Statement on Equity
To support connected, climate-resilient and healthy communities for all, Daily Acts commits to advocating for policies and programs that empower underrepresented people to co-create an abundantly diverse, inclusive and equitable world. Within this work, we acknowledge that we are deepening our awareness and have a long journey ahead.
Our Definition of Equity
Equity embodies the values, policies, and practices that ensure all people receive fair distribution of programmatic, financial, and informational resources. It ensures that there is diversity among decision makers who are supported by the elimination of barriers to participation developing policies and programs. “All people” includes, but is not limited to, those who have been historically underrepresented based on race/ethnicity, language, age, ability, sexual orientation, gender, gender identity, socioeconomic status, geography, citizenship status, and/or religion.
Acknowledgements and Affirmations
- We recognize and hold deep gratitude to the original land stewards in Sonoma County, the Southern Pomo, Kashia Pomo and the Coast Miwok. We uplift traditional ecological knowledge as a model for how we can live in regenerative relationships with our ecosystems and wildlife.
- In the United States, historical systems of power granted land ownership and access unequally such that current land access remains inequitably dispersed. Efforts to preserve and protect our environment are reflective of the cultures of colonialism, capitalism, patriarchy and white supremacy in which they developed. The resulting systems of power and privilege must be continuously addressed, shifted and equitably shared.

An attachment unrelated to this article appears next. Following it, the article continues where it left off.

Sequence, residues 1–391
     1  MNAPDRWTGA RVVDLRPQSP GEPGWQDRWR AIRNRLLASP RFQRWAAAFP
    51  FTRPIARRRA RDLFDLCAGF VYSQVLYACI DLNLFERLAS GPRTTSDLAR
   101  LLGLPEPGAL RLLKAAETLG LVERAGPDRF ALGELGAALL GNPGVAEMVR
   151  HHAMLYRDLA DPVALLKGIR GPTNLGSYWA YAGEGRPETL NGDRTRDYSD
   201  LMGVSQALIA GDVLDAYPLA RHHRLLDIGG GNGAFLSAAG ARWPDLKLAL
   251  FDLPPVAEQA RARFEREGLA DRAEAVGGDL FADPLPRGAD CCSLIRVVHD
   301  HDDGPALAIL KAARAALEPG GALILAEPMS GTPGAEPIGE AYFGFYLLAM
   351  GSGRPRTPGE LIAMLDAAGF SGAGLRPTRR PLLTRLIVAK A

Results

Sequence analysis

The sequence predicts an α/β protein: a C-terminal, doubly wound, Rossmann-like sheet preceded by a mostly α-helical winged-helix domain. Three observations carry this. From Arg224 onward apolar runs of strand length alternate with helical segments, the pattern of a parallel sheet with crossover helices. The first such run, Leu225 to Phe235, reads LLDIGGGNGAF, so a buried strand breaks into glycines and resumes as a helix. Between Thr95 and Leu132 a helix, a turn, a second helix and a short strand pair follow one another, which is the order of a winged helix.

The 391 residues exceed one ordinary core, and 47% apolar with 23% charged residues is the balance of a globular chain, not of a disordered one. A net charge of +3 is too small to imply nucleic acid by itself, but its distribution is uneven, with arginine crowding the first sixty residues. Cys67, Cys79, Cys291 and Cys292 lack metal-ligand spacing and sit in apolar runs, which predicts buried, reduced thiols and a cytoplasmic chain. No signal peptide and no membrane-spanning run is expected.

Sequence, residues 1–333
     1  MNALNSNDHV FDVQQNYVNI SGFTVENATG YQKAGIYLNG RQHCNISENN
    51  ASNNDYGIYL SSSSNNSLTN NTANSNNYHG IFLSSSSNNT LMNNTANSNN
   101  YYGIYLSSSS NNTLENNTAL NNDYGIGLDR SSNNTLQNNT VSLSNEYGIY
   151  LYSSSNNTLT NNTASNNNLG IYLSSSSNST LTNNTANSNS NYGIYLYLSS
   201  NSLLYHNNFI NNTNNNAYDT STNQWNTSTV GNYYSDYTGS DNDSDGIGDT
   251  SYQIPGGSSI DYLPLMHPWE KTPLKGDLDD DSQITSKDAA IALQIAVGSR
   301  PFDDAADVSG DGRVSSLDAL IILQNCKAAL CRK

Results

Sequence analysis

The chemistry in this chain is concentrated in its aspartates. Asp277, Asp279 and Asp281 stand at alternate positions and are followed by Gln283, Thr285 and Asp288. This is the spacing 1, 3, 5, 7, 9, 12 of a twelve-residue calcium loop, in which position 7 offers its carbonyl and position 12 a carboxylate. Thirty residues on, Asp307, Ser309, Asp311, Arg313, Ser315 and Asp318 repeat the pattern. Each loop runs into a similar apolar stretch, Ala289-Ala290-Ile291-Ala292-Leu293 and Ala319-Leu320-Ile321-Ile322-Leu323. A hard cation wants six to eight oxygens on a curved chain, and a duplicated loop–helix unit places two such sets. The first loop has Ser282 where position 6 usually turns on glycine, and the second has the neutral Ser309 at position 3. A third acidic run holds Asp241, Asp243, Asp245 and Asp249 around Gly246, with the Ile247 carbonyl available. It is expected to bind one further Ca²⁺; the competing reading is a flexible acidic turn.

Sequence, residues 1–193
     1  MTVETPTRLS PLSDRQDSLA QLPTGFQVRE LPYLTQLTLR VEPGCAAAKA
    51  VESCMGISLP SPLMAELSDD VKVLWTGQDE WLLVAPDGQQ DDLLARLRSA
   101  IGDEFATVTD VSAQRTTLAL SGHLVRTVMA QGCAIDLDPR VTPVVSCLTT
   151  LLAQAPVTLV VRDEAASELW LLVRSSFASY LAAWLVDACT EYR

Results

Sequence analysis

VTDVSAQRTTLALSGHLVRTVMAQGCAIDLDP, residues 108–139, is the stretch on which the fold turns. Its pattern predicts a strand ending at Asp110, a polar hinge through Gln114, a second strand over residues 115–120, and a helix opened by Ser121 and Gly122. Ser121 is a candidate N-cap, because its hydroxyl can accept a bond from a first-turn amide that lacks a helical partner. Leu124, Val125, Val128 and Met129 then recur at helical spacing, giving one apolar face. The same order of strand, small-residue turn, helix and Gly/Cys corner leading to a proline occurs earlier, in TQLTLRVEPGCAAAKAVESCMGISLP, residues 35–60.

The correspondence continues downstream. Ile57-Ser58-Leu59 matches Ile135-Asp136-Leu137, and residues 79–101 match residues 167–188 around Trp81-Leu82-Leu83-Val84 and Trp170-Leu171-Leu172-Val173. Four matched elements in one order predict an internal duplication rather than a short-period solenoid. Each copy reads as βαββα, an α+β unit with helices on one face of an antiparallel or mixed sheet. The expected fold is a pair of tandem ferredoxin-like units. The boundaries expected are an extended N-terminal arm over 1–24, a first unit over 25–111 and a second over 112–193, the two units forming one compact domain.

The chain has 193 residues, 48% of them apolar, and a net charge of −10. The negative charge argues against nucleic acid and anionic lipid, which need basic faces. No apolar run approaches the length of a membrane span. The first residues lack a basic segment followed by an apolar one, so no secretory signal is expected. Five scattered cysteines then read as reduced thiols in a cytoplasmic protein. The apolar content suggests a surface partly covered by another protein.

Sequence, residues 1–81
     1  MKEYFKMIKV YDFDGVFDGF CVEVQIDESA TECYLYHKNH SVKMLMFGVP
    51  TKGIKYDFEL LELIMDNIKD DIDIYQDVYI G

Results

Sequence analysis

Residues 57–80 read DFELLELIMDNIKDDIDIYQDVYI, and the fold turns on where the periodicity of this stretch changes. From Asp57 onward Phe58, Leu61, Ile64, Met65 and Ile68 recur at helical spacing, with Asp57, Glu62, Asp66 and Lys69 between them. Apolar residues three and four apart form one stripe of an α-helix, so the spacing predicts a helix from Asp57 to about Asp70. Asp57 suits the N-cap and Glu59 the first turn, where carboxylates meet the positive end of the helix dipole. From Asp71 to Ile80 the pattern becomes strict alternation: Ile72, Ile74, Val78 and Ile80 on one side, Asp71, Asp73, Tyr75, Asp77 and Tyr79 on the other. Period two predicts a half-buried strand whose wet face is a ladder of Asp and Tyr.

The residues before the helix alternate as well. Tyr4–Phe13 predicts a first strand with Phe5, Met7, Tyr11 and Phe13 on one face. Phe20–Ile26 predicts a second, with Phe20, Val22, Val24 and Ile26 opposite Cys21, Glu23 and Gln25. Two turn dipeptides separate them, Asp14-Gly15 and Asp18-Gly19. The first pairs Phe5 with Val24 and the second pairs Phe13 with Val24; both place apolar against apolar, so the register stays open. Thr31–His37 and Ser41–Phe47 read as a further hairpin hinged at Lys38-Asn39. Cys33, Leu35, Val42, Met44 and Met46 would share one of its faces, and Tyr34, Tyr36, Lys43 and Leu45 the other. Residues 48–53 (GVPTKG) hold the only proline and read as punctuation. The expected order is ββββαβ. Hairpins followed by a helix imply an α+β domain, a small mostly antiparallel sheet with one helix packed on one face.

- We acknowledge that whiteness and race are socially constructed concepts, and that white supremacy is the erroneous belief, ideology, paradigm, institutional system and/or worldview that white people are superior to people of other ethnic backgrounds.
- We believe everyone deserves equal access to safe spaces to gather, build connections, and grow medicine, food and habitat, which is essential to the long-term viability of people and planet.
- We must hold ourselves accountable, because continuing to learn to see, acknowledge and challenge inequality while working in partnership is how we make change happen. Equity is a process as well as an outcome.
2021 Antiracism Training Goals
- Module 1: Creating a container: Multicultural humility, white fragility and historical context of race
- Module 2: What is structural racism, how does it show up, and what is needed to dismantle it?
- Module 3: Cultivating resilience: Navigating emotions, embodied trauma, and fragility
- Module 4: Be the Change: Personal skills for antiracism
- Module 5: Be the Change: Operationalizing antiracism
- Module 6: Collective reflection and assessment of next steps
To provide informed, authentic leadership for equity, this training will:
- Acknowledge and assess how to dismantle inequities within our policies, programs and services while sharing our process with the community.
- Build multicultural responsiveness and humility throughout our organization. We are doing this by integrating the feedback of historically underrepresented people into our programs, policies and services.